Niemeyer’s career spanned nine decades and the dome became an iconographic element of his work. Remaining true to his style, The Lucas Nogueira Garcez pavilion in Ibirapuera Park in São Paulo has one, and the National Museum, completed in 2006, features a similar dome, replete with with an outside ramp and a skylight.

 

Inside the Maarad Dome hang “spaghetti steel rods.” Untamed echos in the Dome inspire visitors to play music there, and local band Mashrou3 Leila did a series of recordings at the site.

 

 

Quo vadis, Maarad?

 

Syria opposed an international fair being established in Tripoli for fear it would compete with the Damascus Fair, Minkara says. Construction nonetheless went ahead, but stopped in 1975 at the outbreak of the Lebanese civil war and was never resumed.

 

Niemeyer himself criticized the process that led to the selection of the site. Styliane Philippou, in an article featuring original sketches, wrote that Niemeyer thought the site selection should have been preceded by an in-depth study of the urbanization of the region in order to guarantee the organic integration of the fair with the future expansion of the city. “He would have also preferred a coastal site,” Philippou added.

 

In the 1990s, the Maarad experienced a brief renaissance, hosting a number of successful fairs for which a significant part of the exhibition center was used.

 

Plans emerged around 2004 to transform the site into a Disneyland-esque resort, which alarmed heritage activists and others, and the site was subsequently put on the World Monuments Watch List of 100 most endangered sites in 2006.

 

“Only recently has there been enough stability in the city in order to be able to look into the betterment of all its government facilities, the fair grounds included,” said Marc Akouri, who sat on the board of directors of the Trade Fair Grounds between 2000 and 2009. Akouri suggests privatization is the best way forward to preserve and advance the entire site.

 

Despite its turbulent history, the Maarad is still able to mesmerize and inspire. Moreover, it has humane elements: Organic lines and shapes, ramp features and vantage points are designed to make us experience elation, make us feel connected, part of the environment, rambling around with the grand master at our sides.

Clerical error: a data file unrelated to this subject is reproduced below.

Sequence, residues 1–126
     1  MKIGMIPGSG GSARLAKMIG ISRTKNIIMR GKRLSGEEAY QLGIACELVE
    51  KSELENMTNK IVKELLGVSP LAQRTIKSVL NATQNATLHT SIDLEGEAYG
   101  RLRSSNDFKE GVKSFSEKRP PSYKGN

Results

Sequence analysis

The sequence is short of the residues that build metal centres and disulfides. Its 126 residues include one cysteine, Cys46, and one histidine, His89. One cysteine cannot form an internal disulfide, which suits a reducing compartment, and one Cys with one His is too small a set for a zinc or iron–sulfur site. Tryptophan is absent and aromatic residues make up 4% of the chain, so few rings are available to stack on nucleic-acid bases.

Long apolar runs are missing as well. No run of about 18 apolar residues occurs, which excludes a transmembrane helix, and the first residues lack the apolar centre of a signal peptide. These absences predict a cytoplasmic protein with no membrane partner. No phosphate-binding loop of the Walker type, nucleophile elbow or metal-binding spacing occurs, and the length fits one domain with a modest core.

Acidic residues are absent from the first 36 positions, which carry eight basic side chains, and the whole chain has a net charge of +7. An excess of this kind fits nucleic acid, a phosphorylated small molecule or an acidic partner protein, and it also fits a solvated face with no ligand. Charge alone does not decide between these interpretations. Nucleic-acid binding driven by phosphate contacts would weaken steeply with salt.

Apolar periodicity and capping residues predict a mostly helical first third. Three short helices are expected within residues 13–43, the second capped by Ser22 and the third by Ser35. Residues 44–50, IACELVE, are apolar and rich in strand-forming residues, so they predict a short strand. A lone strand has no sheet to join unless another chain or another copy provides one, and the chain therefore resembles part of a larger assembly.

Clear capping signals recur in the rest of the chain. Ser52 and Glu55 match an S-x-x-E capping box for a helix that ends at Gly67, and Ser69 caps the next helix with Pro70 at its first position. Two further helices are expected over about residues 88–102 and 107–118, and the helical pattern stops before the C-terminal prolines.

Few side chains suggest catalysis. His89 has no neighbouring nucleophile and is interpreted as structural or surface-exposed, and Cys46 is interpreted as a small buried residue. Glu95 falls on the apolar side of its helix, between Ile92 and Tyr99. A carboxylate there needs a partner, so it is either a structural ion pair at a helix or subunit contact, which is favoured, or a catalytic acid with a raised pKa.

*Tours usually conclude with an exploration of Mina, traditional lunch and a stroll along the Corniche. Return bus trip from Beirut and tour cost LL45 000. For more info consult Mira’s Tours Facebook page. Tours resume in September.

 

 

View of the site from the ramp below the Arch, Dome on the left, Lebanese Pavilion up front, Space Museum on the right. The new Tripoli was built around the Maarad. (Image courtesy of Gray Robertson)

  • KayStearns

    Growing up in Tripoli with Niemeyer's melange of ideas in the background, it was difficult not to fall in love with the man's style. But I only discovered this after leaving Tripoli and learning about modernism and brutalism as wider social movement representing ideals of their times. It was Fouad Chehab who wanted to diversify and grow Lebanon's various regions and de-centralize. So he proposed the international fair in Tripoli to host the world fair and continue to act as a hub of culture and commerce for Lebanon. Luckily, the site was near finished by the time the war erupted, and more luckily it was left unharmed in the civil war, meaning we can still enjoy this amazing piece of public art. However, local politicians have made a mockery of the site and have failed to utilize it to its potential. Niemeyer envisioned a public fair surrounding by social housing as part of the natural expansion of the city. Instead the area is now the most upscale in all of Tripoli. Still, thats good as the buildings surrounding the fair have more or less complemented the architecture. We need a proper plan for the maarad, something that doesn't touch its architecture, complements its original goals and serves the city well. When Forum de Beyrouth and BIEL were build, it was the final nail in Tripoli's fair's coffin. We should again battle to bring international exhibitions, concerts and events to Tripoli - but first, we should battle to win Tripoli itself. No one will come to watch a massive concert here if we don't sort our in house problems first....

    August 11, 2014

  • nathalie rosa

    Thanks for your comment, KAYSTEARNS-much appreciated!

    August 13, 2014

  • Ren

    Well said but will anything ever happen for Tripoli I hope in the not too distant future it will be appreciated and put to some use

    January 11, 2015